The documentation goes on to define a diverse workforce as one “drawn from all corners of the community, where different histories, beliefs, talents and perspectives exist”. Again, there is no specific reference to political or religious beliefs.

On Monday, News Corp and Nine newspapers covered important ABC stories. James Madden reported in The Australian that the public broadcaster’s board had told ABC management it must arrest the declining radio audiences. An anonymous ABC figure was quoted as saying “too many presenters have lost the connection with the traditional intelligent, give-me-both-sides-of-the-story listener”. The same is true of many ABC TV presenters. That’s the problem with the ABC being a conservative-free zone. So many ABC presenters, producers and editors live in a world insulated from political differences or right-of-centre views at the personal level.

In The Sydney Morning Herald on the same day, Calum Jaspan reported that ABC management had reissued a document titled Voice Referendum editorial guidance. It instructs staff that they should not advocate for particular outcomes. Such advice should not be necessary.

Management also instructed journalists that they should “seek out diverse sources of reliable information and contending opinions” and look beyond “the usual suspects”, whatever that might mean. Again, this is something professional producers and presenters should be expected to do as part of their job.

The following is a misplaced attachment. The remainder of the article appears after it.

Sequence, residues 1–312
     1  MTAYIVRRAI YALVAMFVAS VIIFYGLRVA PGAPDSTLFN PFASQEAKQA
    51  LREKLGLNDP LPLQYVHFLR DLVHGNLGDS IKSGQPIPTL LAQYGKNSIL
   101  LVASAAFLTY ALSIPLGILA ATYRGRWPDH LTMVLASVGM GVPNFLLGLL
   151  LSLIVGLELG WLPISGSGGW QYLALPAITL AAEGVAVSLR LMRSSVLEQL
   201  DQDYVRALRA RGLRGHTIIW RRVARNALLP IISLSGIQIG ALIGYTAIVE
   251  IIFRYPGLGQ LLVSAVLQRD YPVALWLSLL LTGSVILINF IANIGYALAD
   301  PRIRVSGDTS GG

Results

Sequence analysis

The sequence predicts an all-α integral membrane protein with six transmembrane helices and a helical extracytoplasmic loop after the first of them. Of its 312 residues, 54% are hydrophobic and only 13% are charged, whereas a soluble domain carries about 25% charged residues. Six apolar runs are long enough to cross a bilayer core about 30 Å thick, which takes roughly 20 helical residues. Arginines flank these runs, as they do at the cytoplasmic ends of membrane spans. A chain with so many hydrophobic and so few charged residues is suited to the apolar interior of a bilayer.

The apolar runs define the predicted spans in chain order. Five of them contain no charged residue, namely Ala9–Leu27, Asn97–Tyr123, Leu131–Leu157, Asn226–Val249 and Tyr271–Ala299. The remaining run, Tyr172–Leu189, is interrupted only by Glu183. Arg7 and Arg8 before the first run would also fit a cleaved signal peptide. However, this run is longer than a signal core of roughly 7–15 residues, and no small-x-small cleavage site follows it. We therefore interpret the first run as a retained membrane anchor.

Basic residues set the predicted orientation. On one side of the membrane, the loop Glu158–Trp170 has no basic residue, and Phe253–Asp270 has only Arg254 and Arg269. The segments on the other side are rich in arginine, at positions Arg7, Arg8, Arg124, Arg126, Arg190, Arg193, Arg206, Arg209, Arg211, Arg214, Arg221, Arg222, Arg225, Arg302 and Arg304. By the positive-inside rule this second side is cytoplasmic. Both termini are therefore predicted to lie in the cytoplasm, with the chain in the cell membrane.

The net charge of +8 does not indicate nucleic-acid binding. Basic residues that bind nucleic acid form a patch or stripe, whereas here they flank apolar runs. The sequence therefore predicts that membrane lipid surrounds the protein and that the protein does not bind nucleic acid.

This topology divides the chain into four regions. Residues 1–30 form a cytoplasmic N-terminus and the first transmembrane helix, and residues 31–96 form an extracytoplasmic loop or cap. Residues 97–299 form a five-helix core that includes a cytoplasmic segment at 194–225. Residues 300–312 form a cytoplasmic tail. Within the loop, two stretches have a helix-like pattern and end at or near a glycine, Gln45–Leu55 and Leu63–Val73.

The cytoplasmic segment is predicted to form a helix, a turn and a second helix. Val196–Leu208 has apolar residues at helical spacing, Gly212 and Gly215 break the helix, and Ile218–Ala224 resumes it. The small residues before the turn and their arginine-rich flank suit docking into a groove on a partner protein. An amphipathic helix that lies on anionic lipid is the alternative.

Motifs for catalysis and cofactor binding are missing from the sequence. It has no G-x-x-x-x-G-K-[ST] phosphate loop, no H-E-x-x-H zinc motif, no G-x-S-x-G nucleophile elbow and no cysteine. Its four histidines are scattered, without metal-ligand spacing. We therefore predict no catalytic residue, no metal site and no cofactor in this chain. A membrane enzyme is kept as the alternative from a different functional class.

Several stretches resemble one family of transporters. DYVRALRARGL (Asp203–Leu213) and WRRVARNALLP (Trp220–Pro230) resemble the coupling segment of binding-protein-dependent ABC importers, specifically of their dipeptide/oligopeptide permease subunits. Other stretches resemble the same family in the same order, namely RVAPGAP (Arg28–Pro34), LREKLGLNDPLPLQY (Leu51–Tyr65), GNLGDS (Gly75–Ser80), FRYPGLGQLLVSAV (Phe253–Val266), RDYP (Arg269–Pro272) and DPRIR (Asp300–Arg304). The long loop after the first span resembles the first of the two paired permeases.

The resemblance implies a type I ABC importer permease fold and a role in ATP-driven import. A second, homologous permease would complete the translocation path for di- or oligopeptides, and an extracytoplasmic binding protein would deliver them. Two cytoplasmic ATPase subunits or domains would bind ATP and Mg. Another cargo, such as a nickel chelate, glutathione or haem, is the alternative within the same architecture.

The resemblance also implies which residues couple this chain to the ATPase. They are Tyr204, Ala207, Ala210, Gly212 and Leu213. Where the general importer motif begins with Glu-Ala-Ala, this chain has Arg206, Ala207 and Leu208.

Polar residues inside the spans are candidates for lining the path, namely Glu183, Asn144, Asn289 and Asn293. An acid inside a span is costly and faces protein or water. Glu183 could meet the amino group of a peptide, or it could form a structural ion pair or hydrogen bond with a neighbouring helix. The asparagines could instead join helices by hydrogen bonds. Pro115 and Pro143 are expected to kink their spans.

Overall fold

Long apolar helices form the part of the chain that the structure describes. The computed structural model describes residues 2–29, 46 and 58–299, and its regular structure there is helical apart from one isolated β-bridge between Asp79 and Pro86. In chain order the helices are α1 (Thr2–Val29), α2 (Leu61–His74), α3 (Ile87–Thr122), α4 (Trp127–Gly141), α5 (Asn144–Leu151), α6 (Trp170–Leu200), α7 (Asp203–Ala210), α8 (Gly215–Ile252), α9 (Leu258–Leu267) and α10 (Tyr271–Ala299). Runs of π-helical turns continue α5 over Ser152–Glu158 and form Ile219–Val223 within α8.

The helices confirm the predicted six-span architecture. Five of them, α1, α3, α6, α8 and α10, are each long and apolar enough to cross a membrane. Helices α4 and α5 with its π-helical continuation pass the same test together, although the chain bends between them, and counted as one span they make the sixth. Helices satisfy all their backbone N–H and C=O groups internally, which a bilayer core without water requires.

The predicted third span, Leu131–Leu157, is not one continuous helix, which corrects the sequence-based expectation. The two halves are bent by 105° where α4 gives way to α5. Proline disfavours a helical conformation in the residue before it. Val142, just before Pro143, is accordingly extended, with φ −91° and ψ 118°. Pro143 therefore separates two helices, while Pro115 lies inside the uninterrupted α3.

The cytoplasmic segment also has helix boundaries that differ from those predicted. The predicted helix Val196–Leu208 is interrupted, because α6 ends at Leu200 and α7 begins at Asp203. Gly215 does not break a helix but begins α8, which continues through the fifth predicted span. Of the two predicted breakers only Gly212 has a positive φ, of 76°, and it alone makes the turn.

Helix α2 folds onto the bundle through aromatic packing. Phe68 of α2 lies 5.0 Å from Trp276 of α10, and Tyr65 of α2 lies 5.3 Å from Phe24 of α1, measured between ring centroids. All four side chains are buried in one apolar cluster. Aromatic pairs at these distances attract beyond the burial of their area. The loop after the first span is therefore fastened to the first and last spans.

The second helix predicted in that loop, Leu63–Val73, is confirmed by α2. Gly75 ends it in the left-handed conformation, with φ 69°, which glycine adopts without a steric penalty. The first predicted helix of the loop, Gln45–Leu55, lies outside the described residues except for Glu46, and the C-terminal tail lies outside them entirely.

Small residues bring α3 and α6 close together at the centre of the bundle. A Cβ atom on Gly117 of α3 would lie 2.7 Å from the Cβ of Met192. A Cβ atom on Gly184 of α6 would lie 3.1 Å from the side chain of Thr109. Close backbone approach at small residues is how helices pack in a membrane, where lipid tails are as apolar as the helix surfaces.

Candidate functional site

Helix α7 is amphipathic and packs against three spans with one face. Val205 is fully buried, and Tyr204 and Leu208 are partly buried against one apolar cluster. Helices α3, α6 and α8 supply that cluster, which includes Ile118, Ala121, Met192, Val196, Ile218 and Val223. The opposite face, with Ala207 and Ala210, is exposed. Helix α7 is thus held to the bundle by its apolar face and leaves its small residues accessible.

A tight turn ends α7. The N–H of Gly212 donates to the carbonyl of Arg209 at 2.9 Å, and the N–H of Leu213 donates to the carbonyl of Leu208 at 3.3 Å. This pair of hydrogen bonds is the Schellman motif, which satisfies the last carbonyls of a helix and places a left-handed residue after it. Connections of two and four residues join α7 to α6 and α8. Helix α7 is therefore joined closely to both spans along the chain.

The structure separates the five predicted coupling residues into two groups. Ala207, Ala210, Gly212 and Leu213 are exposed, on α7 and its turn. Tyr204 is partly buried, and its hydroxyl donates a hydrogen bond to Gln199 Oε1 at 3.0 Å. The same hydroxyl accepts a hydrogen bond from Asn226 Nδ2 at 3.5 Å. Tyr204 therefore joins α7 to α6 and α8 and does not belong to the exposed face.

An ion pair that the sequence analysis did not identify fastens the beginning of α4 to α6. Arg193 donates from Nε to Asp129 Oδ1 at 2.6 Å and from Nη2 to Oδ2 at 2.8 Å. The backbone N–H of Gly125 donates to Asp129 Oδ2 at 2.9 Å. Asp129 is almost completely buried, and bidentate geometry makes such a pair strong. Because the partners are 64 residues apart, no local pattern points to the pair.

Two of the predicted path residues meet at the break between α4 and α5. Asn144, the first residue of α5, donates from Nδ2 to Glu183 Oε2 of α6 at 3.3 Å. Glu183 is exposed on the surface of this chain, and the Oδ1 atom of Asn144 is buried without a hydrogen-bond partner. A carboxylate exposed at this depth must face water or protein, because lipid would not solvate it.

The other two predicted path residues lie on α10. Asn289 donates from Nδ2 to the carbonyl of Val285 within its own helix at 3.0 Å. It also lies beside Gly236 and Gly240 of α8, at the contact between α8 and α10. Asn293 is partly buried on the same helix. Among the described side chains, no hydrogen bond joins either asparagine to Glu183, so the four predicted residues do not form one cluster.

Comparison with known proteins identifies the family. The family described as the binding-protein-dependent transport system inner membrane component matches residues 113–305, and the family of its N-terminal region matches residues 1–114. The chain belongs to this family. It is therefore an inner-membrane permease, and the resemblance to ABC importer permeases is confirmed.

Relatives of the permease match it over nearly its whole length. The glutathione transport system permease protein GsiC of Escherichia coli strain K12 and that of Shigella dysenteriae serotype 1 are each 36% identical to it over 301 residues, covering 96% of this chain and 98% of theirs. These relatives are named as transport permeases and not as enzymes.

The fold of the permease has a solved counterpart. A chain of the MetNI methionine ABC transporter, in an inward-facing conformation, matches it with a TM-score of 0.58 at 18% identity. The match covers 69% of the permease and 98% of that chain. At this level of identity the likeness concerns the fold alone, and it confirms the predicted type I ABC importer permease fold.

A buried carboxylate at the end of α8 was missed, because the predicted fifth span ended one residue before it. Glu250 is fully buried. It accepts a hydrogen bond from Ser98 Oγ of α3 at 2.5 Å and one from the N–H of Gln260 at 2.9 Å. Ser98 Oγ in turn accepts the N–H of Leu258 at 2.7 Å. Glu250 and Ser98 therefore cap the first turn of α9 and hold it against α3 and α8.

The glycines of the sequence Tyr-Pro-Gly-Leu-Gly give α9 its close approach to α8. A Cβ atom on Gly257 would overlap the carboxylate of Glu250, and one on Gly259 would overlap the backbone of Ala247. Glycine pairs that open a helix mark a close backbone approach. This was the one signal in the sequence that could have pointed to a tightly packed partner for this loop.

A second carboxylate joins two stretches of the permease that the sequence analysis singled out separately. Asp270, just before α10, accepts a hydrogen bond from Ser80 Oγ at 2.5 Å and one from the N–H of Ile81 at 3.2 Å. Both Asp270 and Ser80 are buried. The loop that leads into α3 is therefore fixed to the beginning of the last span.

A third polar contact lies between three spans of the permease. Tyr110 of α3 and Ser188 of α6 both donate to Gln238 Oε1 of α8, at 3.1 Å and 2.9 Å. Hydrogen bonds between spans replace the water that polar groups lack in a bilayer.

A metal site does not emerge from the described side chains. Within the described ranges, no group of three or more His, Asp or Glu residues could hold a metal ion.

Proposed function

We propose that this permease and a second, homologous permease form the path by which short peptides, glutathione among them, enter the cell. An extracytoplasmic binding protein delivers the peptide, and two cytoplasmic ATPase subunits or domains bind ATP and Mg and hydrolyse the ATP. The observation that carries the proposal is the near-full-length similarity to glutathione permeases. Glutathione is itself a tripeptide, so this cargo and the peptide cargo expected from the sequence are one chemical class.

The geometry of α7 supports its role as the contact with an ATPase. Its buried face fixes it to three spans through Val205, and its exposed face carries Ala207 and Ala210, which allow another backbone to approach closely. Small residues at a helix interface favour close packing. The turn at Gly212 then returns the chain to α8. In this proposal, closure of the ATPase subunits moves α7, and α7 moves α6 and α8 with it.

Such advice would not be required on Sky News. Paul Barry, presenter of ABC TV’s Media Watch program, frequently delights in sneering at Sky News – particularly with respect to what he mocks as “Sky After Dark”. Barry shows no evidence of ever having considered from where subscription Sky got many of its viewers. The answer is: from the free-to-air and taxpayer-funded ABC. Due primarily to its lack of political diversity.

The fact is that there is more political diversity on Sky than on the ABC. Sure, most of Sky’s presenters and panellists support the No case in the forthcoming referendum. But not so presenter Chris Kenny or regular paid contributor Joe Hildebrand, who advocate a Yes vote. I am not aware of any ABC presenter or regular paid commentator who publicly supports the No case despite the fact Australia is divided on this issue.

The ABC’s Diversity, Inclusion and Belonging Plan sounds like a bureaucracy-driven title born in a human resources or ESG (environmental, social, governance) outfit. It’s not what the ABC, with falling ratings, needs right now.

Interviewed on Sky News on June 23, West Australian pastoralist Tony Seabrook went out of his way to describe a brief encounter with Anderson in Perth recently during which he told Anderson that country people “are walking away, they’re done with your left-wing ABC”. Seabrook said he could name “maybe a dozen left-wing journos” at the ABC and challenged Anderson to name “one that in any way espouses the values that Sky does”.

According to Seabrook, Anderson “just shook his head and walked away and just couldn’t answer the question”. The appointment of specialist cultural commissars is destined to make the ABC’s lack of political diversity even more evident. That’s no joke.